As Scandinavian banking giant Nordea makes headlines for alleged involvement in money laundering, a certain irony emerges when banks are quick to decry cryptocurrency whilst engaging in corrupt practices.
Helsinki-located banking giant Nordea has been implicated in a money-laundering operation in which it is alleged to have accepted criminally-sourced funds from banks based in Lithuania and Estonia. The revelation is said to relate to a larger money laundering case in which Danish giant Danske Bank has been implicated and faces fines of up to €7 billion ($8.35 billion). Nordea has confirmed it is aware of the reported possible wrongdoing with a statement on the 16th of October:
“We are aware of the report, and at Nordea we work closely with the relevant authorities in the countries in which we operate, including the Nordic Financial Intelligence Units.”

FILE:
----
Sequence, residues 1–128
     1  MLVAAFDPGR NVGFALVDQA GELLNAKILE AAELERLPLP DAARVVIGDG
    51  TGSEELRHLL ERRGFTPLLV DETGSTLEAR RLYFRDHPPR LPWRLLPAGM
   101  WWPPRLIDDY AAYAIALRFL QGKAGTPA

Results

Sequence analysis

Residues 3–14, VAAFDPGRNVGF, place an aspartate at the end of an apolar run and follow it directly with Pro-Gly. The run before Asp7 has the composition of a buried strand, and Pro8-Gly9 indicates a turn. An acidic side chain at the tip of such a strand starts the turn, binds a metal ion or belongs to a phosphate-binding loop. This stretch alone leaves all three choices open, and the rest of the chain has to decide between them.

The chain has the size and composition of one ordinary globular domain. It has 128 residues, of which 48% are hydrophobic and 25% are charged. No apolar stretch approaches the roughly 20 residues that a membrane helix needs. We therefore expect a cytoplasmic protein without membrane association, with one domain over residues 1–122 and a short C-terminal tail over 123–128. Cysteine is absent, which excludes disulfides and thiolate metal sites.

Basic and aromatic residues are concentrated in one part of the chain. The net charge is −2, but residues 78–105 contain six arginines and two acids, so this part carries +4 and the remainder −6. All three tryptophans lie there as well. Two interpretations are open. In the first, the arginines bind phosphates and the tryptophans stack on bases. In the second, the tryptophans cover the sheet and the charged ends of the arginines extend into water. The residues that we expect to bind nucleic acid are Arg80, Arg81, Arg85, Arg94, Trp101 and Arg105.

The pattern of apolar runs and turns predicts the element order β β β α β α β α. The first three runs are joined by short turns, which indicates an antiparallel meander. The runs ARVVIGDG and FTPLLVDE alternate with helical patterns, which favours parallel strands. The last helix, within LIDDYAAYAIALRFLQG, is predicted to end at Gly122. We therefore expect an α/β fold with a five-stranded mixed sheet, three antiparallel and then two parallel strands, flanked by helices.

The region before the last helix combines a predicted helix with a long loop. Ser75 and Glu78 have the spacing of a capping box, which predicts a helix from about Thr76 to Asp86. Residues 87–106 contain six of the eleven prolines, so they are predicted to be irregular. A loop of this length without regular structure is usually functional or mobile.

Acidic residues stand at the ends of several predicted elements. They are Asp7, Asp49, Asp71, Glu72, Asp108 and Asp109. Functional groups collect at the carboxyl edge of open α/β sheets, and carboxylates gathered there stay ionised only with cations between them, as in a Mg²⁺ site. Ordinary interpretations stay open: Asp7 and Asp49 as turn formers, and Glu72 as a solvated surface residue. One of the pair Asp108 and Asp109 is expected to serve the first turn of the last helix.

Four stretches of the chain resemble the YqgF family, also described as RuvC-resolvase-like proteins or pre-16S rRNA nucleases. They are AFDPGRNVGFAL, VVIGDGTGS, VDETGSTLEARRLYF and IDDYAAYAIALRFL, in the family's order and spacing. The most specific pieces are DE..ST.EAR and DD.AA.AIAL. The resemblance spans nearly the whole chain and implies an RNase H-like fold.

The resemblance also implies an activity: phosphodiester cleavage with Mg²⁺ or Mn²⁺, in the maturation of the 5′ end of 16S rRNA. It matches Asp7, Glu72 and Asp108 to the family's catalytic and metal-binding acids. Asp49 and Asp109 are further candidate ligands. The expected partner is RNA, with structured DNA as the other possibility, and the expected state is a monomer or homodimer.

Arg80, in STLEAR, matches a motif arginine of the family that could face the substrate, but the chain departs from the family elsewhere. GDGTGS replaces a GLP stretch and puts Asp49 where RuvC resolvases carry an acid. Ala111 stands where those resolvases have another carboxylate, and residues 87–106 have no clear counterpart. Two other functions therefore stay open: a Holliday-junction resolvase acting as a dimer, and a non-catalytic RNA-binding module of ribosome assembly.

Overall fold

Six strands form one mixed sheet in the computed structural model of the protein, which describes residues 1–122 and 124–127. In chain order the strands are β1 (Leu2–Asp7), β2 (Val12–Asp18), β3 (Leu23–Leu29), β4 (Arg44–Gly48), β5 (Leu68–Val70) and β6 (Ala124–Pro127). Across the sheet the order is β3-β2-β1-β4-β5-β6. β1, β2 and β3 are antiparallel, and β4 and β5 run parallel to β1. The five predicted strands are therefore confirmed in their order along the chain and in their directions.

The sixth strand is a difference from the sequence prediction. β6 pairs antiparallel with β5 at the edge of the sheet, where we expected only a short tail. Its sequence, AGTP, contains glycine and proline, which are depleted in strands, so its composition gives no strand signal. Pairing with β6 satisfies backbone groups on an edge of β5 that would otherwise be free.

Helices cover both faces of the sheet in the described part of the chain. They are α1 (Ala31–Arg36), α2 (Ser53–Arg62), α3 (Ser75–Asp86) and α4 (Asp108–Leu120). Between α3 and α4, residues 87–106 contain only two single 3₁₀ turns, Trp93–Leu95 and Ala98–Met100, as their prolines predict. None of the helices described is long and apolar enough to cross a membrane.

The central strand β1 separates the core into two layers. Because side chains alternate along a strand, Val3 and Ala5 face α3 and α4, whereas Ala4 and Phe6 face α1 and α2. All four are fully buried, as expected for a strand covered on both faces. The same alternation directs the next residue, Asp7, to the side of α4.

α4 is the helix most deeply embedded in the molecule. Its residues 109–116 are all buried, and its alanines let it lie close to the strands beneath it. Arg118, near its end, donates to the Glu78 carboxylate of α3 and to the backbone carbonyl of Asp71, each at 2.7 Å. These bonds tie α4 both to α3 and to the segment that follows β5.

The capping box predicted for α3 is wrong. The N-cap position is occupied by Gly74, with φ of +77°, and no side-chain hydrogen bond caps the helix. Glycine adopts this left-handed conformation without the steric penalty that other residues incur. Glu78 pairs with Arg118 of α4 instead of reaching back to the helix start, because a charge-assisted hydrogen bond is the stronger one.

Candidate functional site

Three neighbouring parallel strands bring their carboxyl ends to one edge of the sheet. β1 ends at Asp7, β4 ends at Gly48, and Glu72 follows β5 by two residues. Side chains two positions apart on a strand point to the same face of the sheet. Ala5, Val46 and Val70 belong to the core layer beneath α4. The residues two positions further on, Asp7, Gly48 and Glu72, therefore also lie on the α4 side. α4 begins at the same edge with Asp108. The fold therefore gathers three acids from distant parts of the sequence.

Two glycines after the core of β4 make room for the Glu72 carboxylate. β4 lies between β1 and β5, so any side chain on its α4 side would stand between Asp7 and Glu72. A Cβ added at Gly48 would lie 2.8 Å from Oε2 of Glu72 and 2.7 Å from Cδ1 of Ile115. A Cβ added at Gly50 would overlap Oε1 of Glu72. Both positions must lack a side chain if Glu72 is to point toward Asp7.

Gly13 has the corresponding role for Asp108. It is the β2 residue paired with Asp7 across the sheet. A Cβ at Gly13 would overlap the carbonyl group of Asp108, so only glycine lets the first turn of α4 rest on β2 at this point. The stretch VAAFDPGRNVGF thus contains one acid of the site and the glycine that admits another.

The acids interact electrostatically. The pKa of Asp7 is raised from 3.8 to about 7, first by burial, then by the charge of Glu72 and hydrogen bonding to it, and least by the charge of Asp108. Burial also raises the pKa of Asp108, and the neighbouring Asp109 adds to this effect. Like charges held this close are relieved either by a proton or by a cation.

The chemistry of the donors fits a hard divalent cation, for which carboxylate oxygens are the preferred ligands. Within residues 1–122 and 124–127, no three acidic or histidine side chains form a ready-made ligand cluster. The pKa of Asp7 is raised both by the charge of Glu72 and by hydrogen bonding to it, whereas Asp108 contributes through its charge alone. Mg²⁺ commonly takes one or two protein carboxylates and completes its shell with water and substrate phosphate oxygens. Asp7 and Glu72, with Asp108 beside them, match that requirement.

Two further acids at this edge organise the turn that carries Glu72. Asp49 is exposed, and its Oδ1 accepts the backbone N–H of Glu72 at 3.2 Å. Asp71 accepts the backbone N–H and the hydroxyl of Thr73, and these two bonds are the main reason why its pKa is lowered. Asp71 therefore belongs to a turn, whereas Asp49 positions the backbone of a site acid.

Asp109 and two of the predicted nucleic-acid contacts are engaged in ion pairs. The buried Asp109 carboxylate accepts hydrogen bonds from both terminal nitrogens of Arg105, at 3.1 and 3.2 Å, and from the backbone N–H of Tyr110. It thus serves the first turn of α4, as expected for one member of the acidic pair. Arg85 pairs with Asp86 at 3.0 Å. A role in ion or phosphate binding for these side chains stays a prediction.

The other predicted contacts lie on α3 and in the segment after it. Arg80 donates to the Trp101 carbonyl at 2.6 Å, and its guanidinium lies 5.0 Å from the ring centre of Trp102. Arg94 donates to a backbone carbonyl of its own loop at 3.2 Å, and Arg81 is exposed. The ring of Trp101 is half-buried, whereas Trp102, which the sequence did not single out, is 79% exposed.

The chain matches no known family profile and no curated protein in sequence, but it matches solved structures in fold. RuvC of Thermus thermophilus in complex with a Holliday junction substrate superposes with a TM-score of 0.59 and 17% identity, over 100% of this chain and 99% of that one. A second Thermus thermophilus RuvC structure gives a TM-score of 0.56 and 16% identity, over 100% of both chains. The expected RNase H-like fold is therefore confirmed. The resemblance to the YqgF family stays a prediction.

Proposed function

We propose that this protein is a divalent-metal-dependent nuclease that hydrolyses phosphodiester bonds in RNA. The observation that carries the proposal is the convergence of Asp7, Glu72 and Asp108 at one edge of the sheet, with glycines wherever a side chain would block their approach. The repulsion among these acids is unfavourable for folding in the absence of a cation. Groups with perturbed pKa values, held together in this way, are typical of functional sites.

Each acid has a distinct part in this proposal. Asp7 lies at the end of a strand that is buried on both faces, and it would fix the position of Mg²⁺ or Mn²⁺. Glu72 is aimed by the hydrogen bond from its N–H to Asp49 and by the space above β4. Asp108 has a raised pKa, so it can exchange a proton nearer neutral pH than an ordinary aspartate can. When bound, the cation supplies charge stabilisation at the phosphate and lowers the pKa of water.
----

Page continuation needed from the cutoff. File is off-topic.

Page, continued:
The charges specifically relate to a number of accounts which were paid a combined total of more than €150 million ($172 million) by shell companies with ties to illegal cash flows coming out of Russia and the UK, identified by regulators looking into the affairs of Danske Bank.
Last month the head of Danske bank, Thomas Borgen resigned after admitting that an extremely significant proportion of €200 billion which had flowed through the bank was in fact laundered cash from Russia and the UK as well as the British Virgin Islands.
At a time where EU lawmakers are taking steps to tackle financial crimes like fraud, tax evasion and money laundering more effectively it seems rot in the European financial sector is starting to show. As well as Nordea and Danske Bank being implicated in financial misconduct, Dutch retail bank Rabobank was fined $369 million for its role in helping to launder Mexican drug money.
And this is where the irony comes in. All of these banks have warned against cryptocurrencies in the past because of their potential to facilitate money laundering. Ra...